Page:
'Lighting Up the Nighttime Sky': 10 Years Since STS-116 Brought Power to the Space Station (Part 1)

In addition to delivering the P-5 truss segment (visible at the far-right side of the P-4 arrays), the STS-116 crew retracted the port-side array of the P-6 segment. This produced an asymmetric configuration when Discovery departed the space station. Image Credit: NASA

Ten years ago, this month, Space Shuttle Discovery thundered into orbit […]

Record-Breaker for Women Astronauts: 20 Years Since STS-79 (Part 2)

For the first time on STS-79, a shuttle crew saw Mir in its complete configuration, with six research and habitation modules. It had been Shannon Lucid’s home for six months and would be John Blaha’s home for the next four. Photo Credit: NASA

A glass half-full, or half-empty, was Bill Readdy’s perspective on […]

Changing the Guard: 20 Years Since STS-79 (Part 1)

World record holder Shannon Lucid watches the growth of plants in a Russian greenhouse aboard Mir. This photograph was taken in September 1996, shortly after the crew of STS-79, including Lucid’s replacement, John Blaha, arrived to bring her home. Photo Credit: NASA

Twenty years ago, this month, an American national record-breaker circled high […]

'About People Living in Space': 15 Years Since STS-106 (Part 2)

Impressive view of Atlantis and part of the International Space Station (ISS), captured during the STS-106 mission, 15 years ago, this week. Photo Credit: NASA

Amid cloudy conditions, only days after the departure of Hurricane Debby and having sustained a pre-launch strike on the Lightning Protection System at Pad 39B, NASA’s 99th space […]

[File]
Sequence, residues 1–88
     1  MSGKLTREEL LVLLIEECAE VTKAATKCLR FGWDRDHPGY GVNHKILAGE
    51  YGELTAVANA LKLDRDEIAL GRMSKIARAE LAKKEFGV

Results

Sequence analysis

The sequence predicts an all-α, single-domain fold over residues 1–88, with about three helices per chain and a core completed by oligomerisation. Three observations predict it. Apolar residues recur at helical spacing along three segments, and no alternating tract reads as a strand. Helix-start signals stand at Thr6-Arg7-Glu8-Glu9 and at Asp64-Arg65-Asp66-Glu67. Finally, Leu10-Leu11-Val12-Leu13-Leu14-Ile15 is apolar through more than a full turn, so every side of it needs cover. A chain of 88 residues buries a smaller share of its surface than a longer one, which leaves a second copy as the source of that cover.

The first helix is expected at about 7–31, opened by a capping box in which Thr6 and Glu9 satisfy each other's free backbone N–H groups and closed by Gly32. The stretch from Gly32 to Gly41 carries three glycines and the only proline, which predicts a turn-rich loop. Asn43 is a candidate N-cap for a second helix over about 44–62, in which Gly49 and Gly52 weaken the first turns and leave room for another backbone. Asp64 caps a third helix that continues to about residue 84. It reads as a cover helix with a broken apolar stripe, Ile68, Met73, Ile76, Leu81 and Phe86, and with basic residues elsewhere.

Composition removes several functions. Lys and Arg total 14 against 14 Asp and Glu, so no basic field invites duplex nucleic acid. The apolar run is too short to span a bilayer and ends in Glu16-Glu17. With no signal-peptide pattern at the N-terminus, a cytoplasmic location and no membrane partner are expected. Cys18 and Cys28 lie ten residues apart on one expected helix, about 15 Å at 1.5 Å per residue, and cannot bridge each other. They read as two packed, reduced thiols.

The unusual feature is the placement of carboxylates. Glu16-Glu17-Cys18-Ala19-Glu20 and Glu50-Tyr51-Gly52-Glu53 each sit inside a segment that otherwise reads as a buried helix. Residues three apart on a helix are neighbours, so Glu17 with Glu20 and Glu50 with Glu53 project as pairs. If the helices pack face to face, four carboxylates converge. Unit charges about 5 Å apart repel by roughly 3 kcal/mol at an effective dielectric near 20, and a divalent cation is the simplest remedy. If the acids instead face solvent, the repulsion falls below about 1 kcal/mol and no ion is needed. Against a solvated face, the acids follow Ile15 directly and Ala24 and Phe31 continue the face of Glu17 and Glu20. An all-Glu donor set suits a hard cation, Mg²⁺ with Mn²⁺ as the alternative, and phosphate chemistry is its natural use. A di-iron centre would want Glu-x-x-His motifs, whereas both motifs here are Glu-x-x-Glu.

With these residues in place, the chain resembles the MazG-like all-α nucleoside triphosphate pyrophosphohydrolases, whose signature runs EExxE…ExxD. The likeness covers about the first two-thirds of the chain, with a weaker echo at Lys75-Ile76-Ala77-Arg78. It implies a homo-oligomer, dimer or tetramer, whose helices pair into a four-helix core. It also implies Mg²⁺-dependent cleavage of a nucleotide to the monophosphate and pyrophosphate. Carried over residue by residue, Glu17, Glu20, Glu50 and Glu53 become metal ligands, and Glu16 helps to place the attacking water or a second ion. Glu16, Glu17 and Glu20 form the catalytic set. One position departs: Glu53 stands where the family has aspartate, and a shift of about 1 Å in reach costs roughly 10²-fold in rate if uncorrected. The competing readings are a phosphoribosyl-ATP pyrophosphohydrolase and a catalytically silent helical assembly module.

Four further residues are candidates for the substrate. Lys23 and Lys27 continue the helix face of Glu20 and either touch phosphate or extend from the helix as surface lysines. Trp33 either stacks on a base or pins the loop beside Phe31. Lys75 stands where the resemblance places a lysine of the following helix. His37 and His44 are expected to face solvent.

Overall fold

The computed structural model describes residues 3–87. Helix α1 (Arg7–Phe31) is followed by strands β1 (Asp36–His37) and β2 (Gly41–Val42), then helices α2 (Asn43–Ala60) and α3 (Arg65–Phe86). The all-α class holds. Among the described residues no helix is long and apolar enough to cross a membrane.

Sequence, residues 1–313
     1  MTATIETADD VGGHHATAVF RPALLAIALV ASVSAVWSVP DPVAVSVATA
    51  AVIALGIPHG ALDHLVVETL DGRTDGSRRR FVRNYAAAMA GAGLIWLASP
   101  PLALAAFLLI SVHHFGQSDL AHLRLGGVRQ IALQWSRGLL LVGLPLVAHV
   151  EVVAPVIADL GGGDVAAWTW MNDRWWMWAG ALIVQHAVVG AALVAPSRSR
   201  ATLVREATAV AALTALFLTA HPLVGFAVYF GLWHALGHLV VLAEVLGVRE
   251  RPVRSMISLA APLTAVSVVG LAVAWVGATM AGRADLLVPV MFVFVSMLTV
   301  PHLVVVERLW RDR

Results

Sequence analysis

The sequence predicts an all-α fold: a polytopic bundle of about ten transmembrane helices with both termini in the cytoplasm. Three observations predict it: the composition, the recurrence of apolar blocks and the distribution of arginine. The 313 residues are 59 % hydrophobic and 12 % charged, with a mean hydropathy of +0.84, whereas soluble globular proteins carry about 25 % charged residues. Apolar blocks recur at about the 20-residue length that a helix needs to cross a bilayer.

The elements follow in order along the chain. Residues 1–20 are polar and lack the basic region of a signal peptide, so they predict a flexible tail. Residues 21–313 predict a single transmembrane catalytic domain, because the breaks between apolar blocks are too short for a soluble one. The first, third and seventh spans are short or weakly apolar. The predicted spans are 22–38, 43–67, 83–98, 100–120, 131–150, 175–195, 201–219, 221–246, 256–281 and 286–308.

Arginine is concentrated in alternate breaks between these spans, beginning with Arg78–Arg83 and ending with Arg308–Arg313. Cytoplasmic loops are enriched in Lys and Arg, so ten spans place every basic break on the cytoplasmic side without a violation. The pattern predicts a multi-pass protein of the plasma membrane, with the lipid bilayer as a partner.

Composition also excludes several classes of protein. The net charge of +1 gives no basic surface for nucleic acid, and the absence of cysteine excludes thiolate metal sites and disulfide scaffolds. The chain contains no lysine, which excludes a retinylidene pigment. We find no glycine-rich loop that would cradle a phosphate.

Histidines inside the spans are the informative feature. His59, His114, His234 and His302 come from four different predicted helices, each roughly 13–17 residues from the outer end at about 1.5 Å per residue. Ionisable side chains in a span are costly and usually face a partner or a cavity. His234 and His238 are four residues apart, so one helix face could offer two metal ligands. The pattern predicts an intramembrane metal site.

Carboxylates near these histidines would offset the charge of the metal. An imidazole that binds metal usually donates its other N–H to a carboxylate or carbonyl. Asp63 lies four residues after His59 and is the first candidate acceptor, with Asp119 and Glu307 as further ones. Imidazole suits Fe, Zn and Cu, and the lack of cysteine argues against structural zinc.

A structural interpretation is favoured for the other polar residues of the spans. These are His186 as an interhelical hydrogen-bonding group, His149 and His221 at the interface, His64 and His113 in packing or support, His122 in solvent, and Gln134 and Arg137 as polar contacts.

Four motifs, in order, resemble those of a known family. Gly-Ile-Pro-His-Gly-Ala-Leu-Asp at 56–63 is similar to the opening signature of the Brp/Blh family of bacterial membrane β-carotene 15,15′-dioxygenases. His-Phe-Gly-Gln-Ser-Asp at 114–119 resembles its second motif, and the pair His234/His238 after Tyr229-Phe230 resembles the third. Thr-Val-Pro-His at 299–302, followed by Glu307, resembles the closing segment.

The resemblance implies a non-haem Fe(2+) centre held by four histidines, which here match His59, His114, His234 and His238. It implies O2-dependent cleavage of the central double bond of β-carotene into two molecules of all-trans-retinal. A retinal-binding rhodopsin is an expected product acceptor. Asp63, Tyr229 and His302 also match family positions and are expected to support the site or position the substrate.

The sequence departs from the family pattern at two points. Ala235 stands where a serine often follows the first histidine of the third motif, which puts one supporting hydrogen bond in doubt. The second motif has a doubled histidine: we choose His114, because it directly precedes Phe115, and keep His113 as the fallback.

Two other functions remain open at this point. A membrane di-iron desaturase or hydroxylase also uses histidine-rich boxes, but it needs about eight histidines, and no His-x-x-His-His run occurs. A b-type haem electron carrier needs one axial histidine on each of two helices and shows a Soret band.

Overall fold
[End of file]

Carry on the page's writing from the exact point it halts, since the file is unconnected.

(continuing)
'Six Months, Instead of Twelve': 15 Years Since STS-106 (Part 1)

The Zvezda (upper) and Zarya (lower) modules provided the critical cornerstone for early International Space Station (ISS) operations. Fifteen years ago, this week, STS-106 resumed work on the stalled construction effort. Photo Credit: NASA

Fifteen years ago, this week, a space shuttle flight which very nearly didn’t happen, happened. In early 2000, the […]

Veteran Shuttle Pilot and Adventurer Bill Oefelein Turns 50 Today

Bill Oefelein was one of the first members of his astronaut class to venture into space and the first Alaskan to reach orbit. He turns 50 today. Photo Credit: NASA

Although he forged an unfortunate place in popular culture and gained intense media attention in early 2007 as part of a bizarre “love […]

'The Most Complex So Far': What 2003 Might Have Been

Columbia roars into orbit for the 28th and final time on 16 January 2003. Eighty-two seconds into the ascent, a chunk of foam from her External Tank would spell disaster for the outcome of STS-107. Photo Credit: NASA

Twelve years ago, last weekend, Shuttle Columbia and the crew of STS-107—Commander Rick Husband, Pilot […]

'Dramatic, Down-the-Throat View': 20 Years Since STS-68 (Part 2)

The vast plume of Klyuchevskaya Sopka, in Kamchatka, which erupted shortly after STS-68 reached orbit. Photo Credit: NASA

Twenty years ago, on 30 September 1994, the crew of Shuttle Endeavour rocketed into orbit—six weeks later than originally planned—on an 11-day mission to support the second Space Radar Laboratory (SRL-2). As described in yesterday’s […]

'Engines in Post-Shutdown Standby': 20 Years Since STS-68 (Part 1)

For the second time in less than six months, the Space Radar Laboratory (SRL) rode Endeavour into orbit in September-October 1994. However, the launch of STS-68 was delayed extensively, following the shuttle program’s last Redundant Set Launch Sequencer (RSLS) abort. Photo Credit: NASA

One day in the summer of 1993, astronaut Tom Jones […]

'I Wouldn’t Call it Fear': The Shuttle Launch Pad Aborts (Part 2)

The closest the shuttle ever came to a launch at the time of abort was T-1.9 seconds, on 18 August 1994. So close was the shuttle to launch, the on-board General Purpose Computers had already moded to their 102 ascent software configuration at the time of the abort. Photo Credit: NASA

In the […]